But what SRE has introduced is the concept of actually using some of that spare availability capacity to be proactive and make things work better. I like—an analogy I do is, “Why don’t we take somebody off the service desk calls for an hour?” It means our call pickup percentage is 98 percent instead of 99 percent, but they could spend that time doing something that really, really drives improvement.
So, again, these techniques that have evolved in DevOps really sort of cross-pollinate well in the service management space and enable us to better connect to the way DevOps works. And, again, help them develop.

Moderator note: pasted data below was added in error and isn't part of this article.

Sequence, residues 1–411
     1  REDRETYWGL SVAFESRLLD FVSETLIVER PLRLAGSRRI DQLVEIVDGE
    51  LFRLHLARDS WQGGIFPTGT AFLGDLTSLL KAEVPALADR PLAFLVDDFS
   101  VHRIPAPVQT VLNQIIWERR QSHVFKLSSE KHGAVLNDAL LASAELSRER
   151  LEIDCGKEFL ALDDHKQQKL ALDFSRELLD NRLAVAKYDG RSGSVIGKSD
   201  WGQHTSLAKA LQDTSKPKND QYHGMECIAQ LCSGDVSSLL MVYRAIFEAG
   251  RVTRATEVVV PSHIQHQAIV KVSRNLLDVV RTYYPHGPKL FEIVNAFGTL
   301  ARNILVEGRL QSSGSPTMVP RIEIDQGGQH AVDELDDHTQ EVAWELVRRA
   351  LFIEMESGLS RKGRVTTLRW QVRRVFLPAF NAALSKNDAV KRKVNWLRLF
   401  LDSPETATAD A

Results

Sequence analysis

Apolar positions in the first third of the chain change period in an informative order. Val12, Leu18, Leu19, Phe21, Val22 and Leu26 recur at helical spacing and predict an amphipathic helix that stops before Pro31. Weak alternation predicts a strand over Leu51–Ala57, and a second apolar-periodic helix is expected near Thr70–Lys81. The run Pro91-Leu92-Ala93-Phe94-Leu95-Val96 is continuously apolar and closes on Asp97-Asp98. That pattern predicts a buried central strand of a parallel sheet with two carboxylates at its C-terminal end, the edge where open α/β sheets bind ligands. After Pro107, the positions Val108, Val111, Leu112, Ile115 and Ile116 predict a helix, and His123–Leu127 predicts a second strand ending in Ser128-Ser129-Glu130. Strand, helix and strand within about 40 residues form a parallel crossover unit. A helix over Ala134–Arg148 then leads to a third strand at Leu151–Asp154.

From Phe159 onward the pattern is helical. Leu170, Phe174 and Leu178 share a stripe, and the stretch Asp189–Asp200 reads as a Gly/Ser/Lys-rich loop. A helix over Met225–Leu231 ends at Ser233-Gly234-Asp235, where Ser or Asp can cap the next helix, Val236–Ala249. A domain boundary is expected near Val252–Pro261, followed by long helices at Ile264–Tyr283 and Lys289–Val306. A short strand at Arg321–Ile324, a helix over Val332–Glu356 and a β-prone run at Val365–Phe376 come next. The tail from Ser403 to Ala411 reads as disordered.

Ashley: Mm-hmm. Well, excellent. This has been fascinating. I’ve really enjoyed talking, and I’m sure the audience does, too, that’s listening in. It’s great to talk to the contributors, to the authors of this, because you get the benefit of both, you’re writing a knowledge that’s shared in that medium, but also—what was the thinking behind it? What were the influences and how did you get to those conclusions and sorta that context is also super helpful. So, this has been really great. I’ve enjoyed talking with both of you.
Anand: Same here.
Ashley: Great. Well, my thanks to Akshay Anand who is Product Ambassador with AXELOS and Jon Stevens-Hall, Principal Product Manager at BMC Software. Thank you, gentlemen.
Stevens-Hall: Thank you.
Anand: Thanks, Mitch, and thank you for listening to us today.